It was the following August (1988) when all four of us reached the top together. We walked up the Llanberis Path, the one that goes almost the same route as the Snowdon Mountain Railway. Compared with the Pyg and Miner’s Tracks I consider this to be a very boring route. Ok it is longer, and you actually have to ascend more; Llanberis the starting point is lower than the starting points for the Pyg and Miner’s Tracks.
Homeward bound down the Llanberis Path in 1988.  Lyn Padern can be seen in the distance.
However, the scenery changes you enjoy on this route are minimal. Certainly the walk /scenery I don’t consider to be in anyway as spectacular as from the inside of the Snowdon Horseshoe. However, it is good for riding down on a cycle, which Greg and one of his friends did a few years ago after cycling up the Miner’s track and carrying their machines from Llyn Glaslyn to the top of Snowdon. But I digress. This is supposed to be about getting up Snowdon the easy way!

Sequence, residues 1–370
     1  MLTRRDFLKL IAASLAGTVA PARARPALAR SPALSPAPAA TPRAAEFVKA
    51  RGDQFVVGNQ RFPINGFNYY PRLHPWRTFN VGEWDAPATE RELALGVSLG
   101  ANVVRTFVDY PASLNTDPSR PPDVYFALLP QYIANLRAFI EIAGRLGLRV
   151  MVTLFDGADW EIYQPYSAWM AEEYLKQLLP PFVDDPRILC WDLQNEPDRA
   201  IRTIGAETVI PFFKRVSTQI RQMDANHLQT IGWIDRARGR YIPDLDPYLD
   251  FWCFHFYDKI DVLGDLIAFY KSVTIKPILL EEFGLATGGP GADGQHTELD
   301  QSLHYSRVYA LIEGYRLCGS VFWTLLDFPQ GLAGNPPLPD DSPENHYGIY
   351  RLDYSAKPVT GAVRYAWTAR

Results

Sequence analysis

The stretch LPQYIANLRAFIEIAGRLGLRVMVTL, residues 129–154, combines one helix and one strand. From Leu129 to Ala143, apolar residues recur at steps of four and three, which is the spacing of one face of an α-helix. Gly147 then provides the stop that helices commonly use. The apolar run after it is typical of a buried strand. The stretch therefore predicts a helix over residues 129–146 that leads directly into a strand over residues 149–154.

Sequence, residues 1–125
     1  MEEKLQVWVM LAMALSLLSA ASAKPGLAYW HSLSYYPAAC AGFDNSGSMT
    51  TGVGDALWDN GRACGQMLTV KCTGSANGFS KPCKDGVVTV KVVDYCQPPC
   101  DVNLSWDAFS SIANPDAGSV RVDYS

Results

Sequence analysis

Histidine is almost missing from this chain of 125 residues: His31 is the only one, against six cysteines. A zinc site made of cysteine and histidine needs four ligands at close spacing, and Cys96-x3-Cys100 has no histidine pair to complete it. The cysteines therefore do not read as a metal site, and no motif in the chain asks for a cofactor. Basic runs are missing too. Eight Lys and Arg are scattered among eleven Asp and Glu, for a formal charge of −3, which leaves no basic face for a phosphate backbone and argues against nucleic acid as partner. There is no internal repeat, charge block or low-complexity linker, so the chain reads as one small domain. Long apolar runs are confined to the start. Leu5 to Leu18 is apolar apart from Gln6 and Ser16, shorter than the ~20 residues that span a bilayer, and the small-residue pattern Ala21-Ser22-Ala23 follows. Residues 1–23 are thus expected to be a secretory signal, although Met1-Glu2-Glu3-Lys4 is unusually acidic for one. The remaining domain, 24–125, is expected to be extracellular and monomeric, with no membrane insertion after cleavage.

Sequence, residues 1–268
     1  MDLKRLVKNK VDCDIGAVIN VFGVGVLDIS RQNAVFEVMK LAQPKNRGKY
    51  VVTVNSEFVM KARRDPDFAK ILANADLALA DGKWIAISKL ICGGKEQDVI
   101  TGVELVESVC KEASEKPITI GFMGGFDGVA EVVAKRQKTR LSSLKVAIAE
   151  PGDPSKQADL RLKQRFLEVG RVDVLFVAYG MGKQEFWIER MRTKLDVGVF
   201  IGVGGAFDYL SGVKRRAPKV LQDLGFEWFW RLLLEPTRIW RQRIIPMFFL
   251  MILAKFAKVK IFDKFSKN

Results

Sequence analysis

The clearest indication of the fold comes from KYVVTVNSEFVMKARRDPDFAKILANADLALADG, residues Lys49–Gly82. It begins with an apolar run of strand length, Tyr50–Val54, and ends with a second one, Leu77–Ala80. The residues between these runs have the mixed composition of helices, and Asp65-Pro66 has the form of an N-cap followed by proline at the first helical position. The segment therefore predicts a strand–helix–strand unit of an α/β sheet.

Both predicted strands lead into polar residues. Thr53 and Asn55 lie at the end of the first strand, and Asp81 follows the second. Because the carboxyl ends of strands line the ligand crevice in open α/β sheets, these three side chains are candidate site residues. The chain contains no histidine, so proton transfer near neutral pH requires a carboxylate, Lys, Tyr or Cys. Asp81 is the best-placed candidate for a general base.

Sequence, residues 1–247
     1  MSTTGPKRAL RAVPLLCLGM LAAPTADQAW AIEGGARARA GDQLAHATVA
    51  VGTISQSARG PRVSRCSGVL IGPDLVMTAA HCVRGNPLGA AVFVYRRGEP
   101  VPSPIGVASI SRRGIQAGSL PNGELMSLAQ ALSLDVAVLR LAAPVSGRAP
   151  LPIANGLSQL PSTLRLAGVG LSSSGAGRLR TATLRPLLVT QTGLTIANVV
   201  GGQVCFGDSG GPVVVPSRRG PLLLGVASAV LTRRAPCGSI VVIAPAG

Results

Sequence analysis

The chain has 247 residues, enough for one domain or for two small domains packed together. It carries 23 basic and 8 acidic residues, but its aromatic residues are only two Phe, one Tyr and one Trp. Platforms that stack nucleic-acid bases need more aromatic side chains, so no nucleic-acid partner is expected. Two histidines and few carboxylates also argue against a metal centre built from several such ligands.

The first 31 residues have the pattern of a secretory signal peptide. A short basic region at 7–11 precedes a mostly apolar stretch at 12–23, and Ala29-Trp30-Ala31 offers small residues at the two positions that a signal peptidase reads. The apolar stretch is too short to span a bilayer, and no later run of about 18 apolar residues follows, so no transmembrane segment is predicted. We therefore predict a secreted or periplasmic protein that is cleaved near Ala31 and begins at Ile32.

At that time we did this Llanberis Path "walk" the Halfway House Café existed and I remember all of us enjoying lemon squash there on our way up. Unfortunately this haven for the mountain walker is no more. Now the only "oasis" is the café on the top of Snowdon. Needless to say when we reached the top it was crowded with walkers and the less energetic that prefer to use the convenience of the Railway to obtain the majestic views from the top of Snowdon.

Looking towards Llanberis from the Pyg Track.
The following year (1989) we all went up via the Pyg Track. This is a wonderful route. You start on the top of the Llanberis Pass at Pen-y-pass Car park, and within minutes are enjoying views down the Llanberis Pass and across it to the Glyders as you clamber over rocky scrambles that, even at this lowly level, are part of the footpath. As you continue the path becomes steeper and I always find it a relief to reach the Pass of Pigs, or Bwlch-y-Moch to give it its proper name, where the Pyg Track levels out a little. This point is also the start of the climb up to Crib Goch (see Snowdon the hard way…)